The Association of Residents of Queensland Retirement Villages (ARQRV) has hired an external accountant to look over legislation released by the State Government over concerns that there is no requirement for operators to apply the Australian Accounting Standards to their financial reporting.
As we reported here, the Queensland Government released papers on minimum standards for financial reporting and budgeting and standardised residents’ contracts last week.
The ARQRV particularly questions the classing of retirement village reports as “special purpose financial reports” which exempts them from compliance with the Australian Accounting Standards.
No requirements on financial accounting standards
They have also raised issues with some of the terminology, namely the use of “significant report expenditure” and “significant expenditure”.
The consultation proposes these be defined as any expenditure greater than $1,000 or 10% of the total expenditure.
“Given that both the CRF and MRF can involve significant total expenditure (particularly in larger villages), setting the threshold for a separate line item at 10% of total expenditure will allow for large, aggregated line items that limit transparency for residents about the expenditure from the fund, and limit the ability of residents to monitor whether each item of expenditure has been attributed to the correct fund,” their submission states.
“There are frequent disputes in villages about whether the replacement of a relatively small capital item (such as a smoke alarm) should be treated as a ‘replacement’ to be paid from the CRF (which is funded by the operator) or a ‘repair’ or ‘maintenance’ to be paid from the MRF (funded by residents). If there is insufficient detail in the quarterly and annual reports about the expenditure from these funds, it will exacerbate such disputes instead of assisting to resolve them. The operators retain detailed records of all expenditure anyway, so it would not be an onerous to require that detail in the reports.”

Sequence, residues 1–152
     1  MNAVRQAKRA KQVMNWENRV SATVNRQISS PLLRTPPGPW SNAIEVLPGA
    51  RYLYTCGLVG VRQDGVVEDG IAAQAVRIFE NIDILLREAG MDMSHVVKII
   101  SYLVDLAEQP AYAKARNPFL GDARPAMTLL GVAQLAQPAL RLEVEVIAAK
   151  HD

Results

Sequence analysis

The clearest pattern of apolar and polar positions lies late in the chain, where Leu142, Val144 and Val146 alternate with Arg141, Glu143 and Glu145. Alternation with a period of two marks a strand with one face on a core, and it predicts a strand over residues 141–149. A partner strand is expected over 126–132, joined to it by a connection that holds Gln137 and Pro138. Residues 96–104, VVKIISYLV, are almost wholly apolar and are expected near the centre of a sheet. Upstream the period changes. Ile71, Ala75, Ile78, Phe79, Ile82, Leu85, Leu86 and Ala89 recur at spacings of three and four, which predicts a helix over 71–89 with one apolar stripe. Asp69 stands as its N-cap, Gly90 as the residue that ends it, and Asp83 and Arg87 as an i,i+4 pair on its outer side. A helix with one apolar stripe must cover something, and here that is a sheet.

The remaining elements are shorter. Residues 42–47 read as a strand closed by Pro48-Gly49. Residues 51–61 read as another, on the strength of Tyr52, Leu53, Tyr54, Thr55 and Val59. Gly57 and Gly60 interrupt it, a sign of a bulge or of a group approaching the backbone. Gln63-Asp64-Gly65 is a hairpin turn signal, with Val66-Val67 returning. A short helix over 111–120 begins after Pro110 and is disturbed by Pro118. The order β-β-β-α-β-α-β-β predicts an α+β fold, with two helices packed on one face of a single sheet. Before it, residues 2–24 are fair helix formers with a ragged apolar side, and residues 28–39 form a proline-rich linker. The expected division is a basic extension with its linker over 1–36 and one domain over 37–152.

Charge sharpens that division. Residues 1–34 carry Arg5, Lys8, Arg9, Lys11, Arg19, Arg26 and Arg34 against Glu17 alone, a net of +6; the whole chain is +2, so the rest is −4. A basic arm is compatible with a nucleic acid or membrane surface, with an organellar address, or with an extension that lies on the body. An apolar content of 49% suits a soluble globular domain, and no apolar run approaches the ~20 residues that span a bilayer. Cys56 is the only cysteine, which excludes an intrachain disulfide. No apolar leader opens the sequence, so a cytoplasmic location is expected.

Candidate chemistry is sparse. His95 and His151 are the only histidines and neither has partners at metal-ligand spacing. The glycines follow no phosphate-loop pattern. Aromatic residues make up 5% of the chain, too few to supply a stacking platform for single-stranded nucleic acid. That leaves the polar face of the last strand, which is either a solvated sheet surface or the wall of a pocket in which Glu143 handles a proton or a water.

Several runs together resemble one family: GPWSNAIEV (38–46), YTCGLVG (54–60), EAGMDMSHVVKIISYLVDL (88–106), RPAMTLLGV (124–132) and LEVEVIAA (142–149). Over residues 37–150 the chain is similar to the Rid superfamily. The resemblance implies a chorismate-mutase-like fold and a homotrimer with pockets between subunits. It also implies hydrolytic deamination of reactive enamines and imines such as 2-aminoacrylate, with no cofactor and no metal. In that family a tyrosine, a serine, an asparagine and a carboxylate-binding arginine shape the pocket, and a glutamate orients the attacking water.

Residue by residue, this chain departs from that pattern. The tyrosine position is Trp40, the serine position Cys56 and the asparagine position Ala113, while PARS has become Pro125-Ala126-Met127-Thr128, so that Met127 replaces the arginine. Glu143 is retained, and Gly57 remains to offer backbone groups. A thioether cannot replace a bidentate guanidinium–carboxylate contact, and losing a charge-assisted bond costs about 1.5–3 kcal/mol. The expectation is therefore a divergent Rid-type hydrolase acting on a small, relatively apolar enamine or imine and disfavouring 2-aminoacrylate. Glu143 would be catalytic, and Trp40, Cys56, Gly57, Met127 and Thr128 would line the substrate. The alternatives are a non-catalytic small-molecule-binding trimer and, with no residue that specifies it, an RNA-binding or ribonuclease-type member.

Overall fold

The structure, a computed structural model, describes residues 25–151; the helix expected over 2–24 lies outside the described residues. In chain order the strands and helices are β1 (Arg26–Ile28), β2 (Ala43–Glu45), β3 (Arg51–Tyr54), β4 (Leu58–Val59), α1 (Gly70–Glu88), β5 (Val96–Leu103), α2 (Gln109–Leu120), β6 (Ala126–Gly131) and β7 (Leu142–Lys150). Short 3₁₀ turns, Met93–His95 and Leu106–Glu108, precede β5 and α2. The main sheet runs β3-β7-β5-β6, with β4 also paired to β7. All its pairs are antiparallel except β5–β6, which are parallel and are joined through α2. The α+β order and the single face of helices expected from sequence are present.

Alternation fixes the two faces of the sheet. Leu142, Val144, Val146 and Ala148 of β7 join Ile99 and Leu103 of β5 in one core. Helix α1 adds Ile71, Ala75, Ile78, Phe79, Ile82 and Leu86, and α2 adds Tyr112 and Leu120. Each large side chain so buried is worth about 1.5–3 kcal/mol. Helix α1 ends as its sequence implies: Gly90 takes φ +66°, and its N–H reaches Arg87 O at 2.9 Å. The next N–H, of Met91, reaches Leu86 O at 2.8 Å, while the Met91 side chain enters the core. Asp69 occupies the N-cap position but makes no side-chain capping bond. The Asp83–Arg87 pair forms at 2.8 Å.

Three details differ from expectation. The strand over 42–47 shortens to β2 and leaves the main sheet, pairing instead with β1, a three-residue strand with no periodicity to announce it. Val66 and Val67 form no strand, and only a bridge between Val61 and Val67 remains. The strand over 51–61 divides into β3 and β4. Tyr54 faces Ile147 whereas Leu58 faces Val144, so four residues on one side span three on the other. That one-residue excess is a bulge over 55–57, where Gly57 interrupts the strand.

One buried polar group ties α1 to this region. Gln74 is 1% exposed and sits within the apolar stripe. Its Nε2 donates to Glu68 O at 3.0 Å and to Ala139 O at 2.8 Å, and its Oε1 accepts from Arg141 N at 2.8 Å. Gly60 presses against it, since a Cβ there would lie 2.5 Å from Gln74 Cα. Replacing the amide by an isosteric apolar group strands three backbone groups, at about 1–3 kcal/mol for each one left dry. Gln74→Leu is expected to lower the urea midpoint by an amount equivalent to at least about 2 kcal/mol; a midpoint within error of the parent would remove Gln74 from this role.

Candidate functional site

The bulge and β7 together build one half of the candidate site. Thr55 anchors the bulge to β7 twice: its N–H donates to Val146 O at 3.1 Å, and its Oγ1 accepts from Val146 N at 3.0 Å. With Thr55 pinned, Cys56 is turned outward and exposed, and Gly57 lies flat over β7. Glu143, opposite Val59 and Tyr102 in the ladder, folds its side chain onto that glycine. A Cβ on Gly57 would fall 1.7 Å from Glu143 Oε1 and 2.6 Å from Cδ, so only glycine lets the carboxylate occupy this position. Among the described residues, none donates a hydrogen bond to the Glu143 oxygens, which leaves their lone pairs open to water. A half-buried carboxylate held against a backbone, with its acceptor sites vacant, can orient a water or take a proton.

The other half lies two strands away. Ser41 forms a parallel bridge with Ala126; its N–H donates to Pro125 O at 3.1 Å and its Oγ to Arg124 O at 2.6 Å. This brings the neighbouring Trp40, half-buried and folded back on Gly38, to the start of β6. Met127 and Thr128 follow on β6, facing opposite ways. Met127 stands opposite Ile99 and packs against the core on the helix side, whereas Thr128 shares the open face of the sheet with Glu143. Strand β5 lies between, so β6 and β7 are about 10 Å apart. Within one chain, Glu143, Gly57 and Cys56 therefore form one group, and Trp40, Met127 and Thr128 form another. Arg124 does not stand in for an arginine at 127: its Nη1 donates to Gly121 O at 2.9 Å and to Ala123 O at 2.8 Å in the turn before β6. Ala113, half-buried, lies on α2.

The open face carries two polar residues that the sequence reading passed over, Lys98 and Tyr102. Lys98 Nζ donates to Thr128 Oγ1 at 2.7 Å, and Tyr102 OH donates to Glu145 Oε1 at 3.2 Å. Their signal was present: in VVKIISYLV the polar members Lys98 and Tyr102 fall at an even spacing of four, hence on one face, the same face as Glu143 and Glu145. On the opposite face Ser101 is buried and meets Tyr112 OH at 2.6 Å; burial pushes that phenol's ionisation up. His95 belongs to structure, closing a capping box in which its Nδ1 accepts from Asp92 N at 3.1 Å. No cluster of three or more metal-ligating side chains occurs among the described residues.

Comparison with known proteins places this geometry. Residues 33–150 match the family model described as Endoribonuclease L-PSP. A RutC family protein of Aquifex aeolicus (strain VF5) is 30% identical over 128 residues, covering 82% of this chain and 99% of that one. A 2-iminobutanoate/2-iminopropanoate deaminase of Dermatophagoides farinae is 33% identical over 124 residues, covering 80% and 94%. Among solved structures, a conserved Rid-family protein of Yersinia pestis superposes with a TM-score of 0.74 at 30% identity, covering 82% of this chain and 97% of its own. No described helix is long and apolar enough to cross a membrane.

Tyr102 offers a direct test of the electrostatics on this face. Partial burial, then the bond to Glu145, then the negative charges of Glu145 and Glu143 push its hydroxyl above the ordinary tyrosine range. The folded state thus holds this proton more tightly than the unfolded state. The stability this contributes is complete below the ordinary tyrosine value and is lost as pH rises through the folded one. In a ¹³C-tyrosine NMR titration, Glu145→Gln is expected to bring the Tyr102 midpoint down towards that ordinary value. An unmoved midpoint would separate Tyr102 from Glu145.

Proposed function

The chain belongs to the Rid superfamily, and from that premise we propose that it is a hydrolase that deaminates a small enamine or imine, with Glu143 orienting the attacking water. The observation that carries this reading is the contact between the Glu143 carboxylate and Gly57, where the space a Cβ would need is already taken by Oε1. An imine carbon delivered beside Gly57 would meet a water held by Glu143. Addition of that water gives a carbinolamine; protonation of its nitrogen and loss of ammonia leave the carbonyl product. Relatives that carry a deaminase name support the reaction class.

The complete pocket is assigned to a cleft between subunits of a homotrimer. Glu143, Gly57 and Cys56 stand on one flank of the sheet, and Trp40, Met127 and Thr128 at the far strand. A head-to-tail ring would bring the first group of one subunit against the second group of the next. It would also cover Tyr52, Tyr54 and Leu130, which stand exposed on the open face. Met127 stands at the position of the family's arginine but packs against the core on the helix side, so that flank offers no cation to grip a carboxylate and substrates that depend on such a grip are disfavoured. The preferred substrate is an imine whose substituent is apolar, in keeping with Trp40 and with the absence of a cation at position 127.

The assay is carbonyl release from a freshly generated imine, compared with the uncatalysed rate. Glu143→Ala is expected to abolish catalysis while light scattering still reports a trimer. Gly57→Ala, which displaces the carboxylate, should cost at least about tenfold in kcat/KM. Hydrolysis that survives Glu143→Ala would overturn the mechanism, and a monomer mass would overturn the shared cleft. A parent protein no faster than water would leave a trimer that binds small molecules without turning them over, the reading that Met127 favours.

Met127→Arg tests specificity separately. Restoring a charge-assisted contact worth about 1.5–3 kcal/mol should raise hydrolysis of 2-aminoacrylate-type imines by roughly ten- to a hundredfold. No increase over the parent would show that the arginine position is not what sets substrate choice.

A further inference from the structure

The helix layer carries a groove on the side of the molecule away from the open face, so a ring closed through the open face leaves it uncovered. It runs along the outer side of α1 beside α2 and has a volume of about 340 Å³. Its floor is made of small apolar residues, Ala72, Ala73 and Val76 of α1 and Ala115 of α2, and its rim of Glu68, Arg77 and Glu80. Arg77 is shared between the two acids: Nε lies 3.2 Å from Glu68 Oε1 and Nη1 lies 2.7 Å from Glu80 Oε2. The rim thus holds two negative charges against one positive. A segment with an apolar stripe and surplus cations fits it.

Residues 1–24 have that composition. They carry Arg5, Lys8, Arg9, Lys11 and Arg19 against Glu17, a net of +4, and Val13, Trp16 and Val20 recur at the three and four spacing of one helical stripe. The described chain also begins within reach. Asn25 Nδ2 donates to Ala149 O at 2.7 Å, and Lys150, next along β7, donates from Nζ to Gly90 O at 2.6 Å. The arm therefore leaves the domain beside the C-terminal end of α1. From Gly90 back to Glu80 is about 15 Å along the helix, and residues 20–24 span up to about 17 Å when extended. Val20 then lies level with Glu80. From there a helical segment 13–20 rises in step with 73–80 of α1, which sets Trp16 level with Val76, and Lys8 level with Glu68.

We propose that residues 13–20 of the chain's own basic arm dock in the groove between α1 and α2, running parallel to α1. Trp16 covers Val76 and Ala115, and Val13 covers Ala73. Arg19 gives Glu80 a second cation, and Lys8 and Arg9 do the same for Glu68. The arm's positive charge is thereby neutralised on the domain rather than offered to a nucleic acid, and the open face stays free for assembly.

Govt regulation going to “too fine a level”
The association has also highlighted a number of issues around the words and arrangements being put forward.
Former Treasurer John Rae – who examined the consultation drafts – says he believes the Government is trying to regulate the presentation of financial reports to too fine a level – and the regulations show a lack of knowledge about generally accepted accounting principles.
“If the regulations began with the statement that all scheme operators must apply relevant Australian Accounting Standards to their accounting procedures and financial statements, that would cover most of the regulatory requirements,” he said.
Property Council: additional consideration needed
The Property Council has also indicated that some elements of the regulations need improvement,
“In terms of the standard contract amendments, the Property Council supports the principle of many of the amendments,” Ben Myers (pictured right), Retirement Living Council Executive Director, said.
“However, there are some elements that require additional consideration to ensure the overall objective of the amendments are being met.”
“Government have been highly receptive to industry and resident feedback and have demonstrated a willingness to work with both parties in a welcomed move.”
“Ensuring that the retirement living industry can continue to provide age-friendly housing and support to older Australians remains a priority of the Property Council and residents, I am hopeful that this can result in fair and sensible reform.”
Is this yet another sign that Governments have a poor understanding of how the village sector operates?